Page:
(Republicaninformer.com)- The Washington Post was forced to issue yet another correction after an op-ed piece lamented the absence of black players on Argentina’s national soccer team and accused Argentina of erasing blacks.
The December 8 “Perspective” column, written by Erika Denise Edwards, an associate professor of Latin American history at the University of Texas at El Paso, was headlined, “Why doesn’t Argentina have more black players in the World Cup?”
In her column, Edwards claimed that Argentina’s lack of black soccer players stood in “stark contrast” to other South American World Cup teams like Brazil.
Edwards claimed that the “idea of Argentina as a white nation” was “inaccurate” and attempts to portray it that way was part of the “longer history of black erasure at the heart of the country’s self-definition.”
She cited historical data that she said showed that in the 18th century, a third of the population in Argentina was black. But after the country gained its independence, Edwards wrote, its leaders initiated a “whitening” to bring Argentina closer to Europe.
She claimed that Argentina believed that if it wanted to “join the ranks of Germany, France and England,” it would have to “displace its black population – both physically and culturally.”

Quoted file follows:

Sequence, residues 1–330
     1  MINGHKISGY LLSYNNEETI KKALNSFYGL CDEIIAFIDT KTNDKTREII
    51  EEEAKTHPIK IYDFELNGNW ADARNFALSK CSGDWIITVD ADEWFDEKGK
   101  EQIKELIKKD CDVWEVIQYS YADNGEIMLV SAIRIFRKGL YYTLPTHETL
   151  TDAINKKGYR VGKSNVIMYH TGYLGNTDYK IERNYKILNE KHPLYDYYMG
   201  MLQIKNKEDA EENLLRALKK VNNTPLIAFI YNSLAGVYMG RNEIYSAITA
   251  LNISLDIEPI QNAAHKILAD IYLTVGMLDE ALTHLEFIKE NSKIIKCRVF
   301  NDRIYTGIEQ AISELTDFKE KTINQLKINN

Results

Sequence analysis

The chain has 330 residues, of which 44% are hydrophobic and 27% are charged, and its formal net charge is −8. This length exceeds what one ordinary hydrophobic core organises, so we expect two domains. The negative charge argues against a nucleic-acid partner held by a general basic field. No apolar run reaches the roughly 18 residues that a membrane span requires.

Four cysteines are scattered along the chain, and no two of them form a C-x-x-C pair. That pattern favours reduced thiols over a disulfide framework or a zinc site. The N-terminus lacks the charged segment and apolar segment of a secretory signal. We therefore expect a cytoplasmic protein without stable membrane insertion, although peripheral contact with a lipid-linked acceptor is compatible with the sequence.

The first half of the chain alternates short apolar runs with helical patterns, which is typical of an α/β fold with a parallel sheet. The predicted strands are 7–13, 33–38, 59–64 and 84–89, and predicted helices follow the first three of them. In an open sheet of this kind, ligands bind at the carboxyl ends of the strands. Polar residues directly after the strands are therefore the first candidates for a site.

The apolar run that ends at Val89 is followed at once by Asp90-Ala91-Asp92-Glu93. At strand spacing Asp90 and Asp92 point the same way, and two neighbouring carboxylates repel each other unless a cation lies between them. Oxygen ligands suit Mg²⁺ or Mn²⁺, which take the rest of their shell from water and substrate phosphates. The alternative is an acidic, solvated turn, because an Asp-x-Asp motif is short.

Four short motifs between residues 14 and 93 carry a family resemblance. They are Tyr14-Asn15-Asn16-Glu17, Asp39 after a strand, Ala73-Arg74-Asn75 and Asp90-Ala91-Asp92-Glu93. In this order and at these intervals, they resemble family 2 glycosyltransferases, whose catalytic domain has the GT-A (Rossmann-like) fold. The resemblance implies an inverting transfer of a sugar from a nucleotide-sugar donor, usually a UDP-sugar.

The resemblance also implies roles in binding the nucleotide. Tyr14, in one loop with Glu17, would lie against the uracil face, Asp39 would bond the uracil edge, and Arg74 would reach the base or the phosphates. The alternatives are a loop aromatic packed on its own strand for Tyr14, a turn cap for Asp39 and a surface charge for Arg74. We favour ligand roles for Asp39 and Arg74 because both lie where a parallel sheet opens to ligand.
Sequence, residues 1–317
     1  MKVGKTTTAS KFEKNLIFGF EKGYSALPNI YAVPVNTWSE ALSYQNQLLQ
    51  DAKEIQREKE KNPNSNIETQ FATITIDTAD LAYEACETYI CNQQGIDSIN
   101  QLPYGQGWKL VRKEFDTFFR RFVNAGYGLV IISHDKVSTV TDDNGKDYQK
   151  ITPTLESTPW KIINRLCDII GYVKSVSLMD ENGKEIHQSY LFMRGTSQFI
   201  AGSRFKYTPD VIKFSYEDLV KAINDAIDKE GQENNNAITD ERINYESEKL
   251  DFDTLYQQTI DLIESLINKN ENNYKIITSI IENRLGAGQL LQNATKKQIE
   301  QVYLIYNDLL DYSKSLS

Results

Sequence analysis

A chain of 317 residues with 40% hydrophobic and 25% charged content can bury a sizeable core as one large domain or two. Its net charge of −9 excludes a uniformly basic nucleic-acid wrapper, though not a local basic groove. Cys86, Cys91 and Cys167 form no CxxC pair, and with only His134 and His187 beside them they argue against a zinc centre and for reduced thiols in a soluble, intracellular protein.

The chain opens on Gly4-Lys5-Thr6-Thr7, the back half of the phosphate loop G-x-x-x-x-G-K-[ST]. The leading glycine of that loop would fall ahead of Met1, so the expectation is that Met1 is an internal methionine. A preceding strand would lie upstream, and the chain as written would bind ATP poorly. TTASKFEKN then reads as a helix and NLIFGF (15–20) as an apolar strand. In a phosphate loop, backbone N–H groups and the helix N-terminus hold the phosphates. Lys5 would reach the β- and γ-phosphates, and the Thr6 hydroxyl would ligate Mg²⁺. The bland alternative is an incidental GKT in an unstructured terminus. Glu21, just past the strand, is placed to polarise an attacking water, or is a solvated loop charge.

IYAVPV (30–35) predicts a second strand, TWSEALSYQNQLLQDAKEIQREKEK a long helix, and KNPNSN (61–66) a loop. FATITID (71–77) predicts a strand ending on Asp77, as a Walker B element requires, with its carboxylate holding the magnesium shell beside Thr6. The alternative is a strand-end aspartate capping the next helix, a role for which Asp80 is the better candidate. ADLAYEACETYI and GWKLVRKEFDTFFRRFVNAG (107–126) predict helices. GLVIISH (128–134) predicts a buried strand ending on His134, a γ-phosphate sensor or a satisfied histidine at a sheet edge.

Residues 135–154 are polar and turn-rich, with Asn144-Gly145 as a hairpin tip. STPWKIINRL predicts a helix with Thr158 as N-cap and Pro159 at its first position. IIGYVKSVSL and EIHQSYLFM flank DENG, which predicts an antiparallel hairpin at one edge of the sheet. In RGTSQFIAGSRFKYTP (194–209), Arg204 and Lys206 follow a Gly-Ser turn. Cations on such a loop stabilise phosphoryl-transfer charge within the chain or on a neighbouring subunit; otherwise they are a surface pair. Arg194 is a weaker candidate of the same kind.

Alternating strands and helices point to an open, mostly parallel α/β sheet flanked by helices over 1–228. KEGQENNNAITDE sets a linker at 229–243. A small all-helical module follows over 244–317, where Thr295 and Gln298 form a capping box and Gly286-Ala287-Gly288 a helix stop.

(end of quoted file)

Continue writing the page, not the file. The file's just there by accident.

In the original version, Edwards cited census figures from 2010 that showed “roughly one percent” of Argentina’s population was black.
The Post then issued a correction noting that the actual number is “far less” than 1 percent.
In its correction, the Post described the mistake as an “editing error.” It explained that while the number of black people cited from the 2010 census was correct, “the percentage was actually far less than one percent and the piece has been amended to state that.”
Some on Twitter cited scholars who noted that migration from European countries like Italy and Spain set in motion the demographic changes that explain the shrinking black population in Argentina.
When contacted by the Washington Post on Monday, Edwards pushed back against the criticism, arguing that her column “primarily debunks the various myths that have been used to explain black disappearance.” She said it is unacceptable to think “it is just European immigration that whitened the population in Argentina.”